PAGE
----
The lack of proper planning for the Paris meeting was mentioned by Léon Weltjens of the Belgian Chess Federation in a detailed article about the 1925 Congress in Zurich (L’Echiquier, July 1925, pages 129-132). Weltjens, who had signed the draft constitution for his country, stated that the creation of the international body the previous year had been ‘le résultat d’un moment d’enthousiasme’. In Paris, he wrote, a temporary administration had been set up within just a few minutes, the entire project had been a step into the unknown, the key decisions had been left for the 1925 Congress, and it was now unclear what would remain of the initial excitement. (‘En quelques minutes un bureau provisoire fut formé, et l’on se donna rendez-vous à l’année suivante. L’année suivante, c’était la grande inconnue. Que serait-il resté de l’engouement du premier moment?’)

Zurich, 1925 Seated (left to right): V.L. Wahltuch, M. Nicolet, Mrs S.J. Holloway, A. Rueb,
E. Müller, W. Robinow, P. Vincent. Standing: A. Fidi, C. de Roche, L. Weltjens, E. St John
Mildmay, L. Miliani, I. Gudju, H. Römmig, S. Abonyi, K. de Watteville, S.J. Holloway

Weltjens also reported in his article in L’Echiquier that the results of the Zurich Congress surpassed expectations and had placed FIDE on a sound footing. Nine Member Federations (or ‘units’ as they were termed) were present. It was agreed that supreme power in FIDE would be vested in the General Committee, which comprised the representatives of the ‘affiliated units’. Management of the Federation was entrusted to a three-member Central Committee: a President, Vice-President and Treasurer of different nationalities. The outgoing post-holders who had taken office provisionally in 1924 (Alexander Rueb of the Netherlands, Leonard Rees of Great Britain and Marc Nicolet of Switzerland) were re-elected by the 1925 General Assembly for three years, by acclamation. Future terms of office, it was decided, would be two years.

At FIDE’s Congress in Hamburg in 1930, however, the Statutes were amended so that elections for the posts of President, Vice-President and Treasurer would take place every four years. Rueb was re-elected in Paris, 1932 and Lucerne, 1936. Because of the War, the next FIDE Congress at which the issue of the Presidency arose was in 1946, in Winterthur. (See pages 91-92 of Chess Facts and Fables and, for a group photograph, C.N. 3821.) Rueb was re-elected yet again, but at the 1948 Congress in Saltsjöbaden he announced his intention of stepping down.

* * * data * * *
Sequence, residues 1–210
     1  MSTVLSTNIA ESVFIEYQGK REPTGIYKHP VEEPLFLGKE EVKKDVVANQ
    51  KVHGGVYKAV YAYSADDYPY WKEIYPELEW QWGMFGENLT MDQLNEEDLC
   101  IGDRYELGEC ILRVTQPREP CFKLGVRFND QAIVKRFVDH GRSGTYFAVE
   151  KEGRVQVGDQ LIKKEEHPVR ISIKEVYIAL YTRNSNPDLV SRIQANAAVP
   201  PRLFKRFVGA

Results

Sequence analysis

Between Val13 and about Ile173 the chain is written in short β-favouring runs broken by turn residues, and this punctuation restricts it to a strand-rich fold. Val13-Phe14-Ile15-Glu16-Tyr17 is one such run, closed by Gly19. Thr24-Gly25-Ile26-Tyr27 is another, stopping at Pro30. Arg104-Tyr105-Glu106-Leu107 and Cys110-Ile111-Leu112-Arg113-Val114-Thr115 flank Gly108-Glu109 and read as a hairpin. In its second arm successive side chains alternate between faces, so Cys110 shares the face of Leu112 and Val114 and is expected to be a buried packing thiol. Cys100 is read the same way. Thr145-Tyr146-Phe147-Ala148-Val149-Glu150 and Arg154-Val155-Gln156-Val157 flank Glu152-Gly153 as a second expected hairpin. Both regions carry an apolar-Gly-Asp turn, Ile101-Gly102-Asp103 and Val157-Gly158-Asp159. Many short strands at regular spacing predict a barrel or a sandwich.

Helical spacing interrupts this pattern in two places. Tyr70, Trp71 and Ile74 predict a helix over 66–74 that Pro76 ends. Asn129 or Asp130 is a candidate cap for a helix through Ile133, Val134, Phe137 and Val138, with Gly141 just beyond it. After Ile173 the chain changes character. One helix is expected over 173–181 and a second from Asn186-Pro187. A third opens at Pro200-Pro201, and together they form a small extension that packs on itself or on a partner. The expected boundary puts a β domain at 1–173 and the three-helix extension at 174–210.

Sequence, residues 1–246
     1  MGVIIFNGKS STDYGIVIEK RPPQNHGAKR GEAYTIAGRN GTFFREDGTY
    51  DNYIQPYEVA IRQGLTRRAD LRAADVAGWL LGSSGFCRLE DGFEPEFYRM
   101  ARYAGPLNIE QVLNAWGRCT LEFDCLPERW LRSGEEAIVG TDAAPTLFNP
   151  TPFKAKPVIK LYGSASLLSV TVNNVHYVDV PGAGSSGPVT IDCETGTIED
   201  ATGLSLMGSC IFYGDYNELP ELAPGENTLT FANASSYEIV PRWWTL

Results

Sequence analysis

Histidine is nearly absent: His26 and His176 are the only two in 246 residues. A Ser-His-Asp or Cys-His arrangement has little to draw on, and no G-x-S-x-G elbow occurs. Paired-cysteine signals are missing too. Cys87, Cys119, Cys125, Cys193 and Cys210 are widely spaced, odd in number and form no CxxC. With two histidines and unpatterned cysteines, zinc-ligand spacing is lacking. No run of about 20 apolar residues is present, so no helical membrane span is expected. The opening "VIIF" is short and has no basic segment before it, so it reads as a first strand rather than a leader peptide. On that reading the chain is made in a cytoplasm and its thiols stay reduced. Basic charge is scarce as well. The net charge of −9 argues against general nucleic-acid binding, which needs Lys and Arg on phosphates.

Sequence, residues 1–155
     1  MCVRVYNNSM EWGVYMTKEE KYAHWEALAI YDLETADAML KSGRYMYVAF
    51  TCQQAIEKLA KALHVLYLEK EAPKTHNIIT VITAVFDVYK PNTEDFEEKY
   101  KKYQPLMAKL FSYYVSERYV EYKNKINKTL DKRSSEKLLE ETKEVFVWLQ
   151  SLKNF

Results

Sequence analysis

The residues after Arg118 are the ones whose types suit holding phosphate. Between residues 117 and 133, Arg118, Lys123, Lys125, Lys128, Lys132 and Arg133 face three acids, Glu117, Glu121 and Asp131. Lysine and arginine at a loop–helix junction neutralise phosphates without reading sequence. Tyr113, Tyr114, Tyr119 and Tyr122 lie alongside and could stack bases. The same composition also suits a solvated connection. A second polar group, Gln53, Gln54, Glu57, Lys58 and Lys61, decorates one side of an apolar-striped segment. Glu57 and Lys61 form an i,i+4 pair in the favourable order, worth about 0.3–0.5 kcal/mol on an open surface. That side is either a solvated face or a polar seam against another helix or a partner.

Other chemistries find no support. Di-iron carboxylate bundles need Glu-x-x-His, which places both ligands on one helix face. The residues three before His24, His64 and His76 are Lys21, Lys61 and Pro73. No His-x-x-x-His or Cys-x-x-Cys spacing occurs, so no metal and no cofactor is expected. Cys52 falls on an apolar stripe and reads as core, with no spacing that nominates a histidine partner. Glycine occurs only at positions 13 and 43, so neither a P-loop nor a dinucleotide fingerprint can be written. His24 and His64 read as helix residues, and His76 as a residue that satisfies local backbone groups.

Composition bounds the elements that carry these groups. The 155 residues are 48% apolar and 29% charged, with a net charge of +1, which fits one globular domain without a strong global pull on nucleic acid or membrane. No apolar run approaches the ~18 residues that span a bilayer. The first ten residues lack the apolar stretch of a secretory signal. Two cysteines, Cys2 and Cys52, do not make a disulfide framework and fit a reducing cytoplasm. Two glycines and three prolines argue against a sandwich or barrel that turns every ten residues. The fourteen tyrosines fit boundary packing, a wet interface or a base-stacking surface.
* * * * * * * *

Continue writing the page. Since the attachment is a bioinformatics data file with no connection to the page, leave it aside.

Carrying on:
Mikhail Botvinnik and Alexander Rueb in 1948

At the proposal of Folke Rogard, a Vice-President from Sweden, it was agreed at the 1948 Congress that Rueb would continue in office until the following year, and at the 1949 General Assembly in Paris Rogard was elected President almost unanimously. Rueb, who had headed the Federation for a quarter of a century, became Honorary President. He died in 1959 at the age of 76.

Two particularly difficult periods for Rueb came in the late 1930s (FIDE’s attempts to take over control of organizing the world championship) and in the aftermath of Alekhine’s death in March 1946. See World Championship Disorder and Interregnum.

The next Chess Explorations article will discuss pre-1924 initiatives to create an international chess body.

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All ChessBase articles by Edward Winter

Edward Winter is the editor of Chess Notes, which was founded in January 1982 as "a forum for aficionados to discuss all matters relating to the Royal Pastime". Since then, over 7,100 items have been published, and the series has resulted in four books by Winter: Chess Explorations (1996), Kings, Commoners and Knaves (1999), A Chess Omnibus (2003) and Chess Facts and Fables (2006). He is also the author of a monograph on Capablanca (1989). In 2011 a paperback edition was issued.

Chess Notes is well known for its historical research, and anyone browsing in its archives will find a wealth of unknown games, accounts of historical mysteries, quotes and quips, and other material of every kind imaginable. Correspondents from around the world contribute items, and they include not only "ordinary readers" but also some eminent historians – and, indeed, some eminent masters. Chess Notes is located at the Chess History Center. Signed copies of Edward Winter's publications are currently available.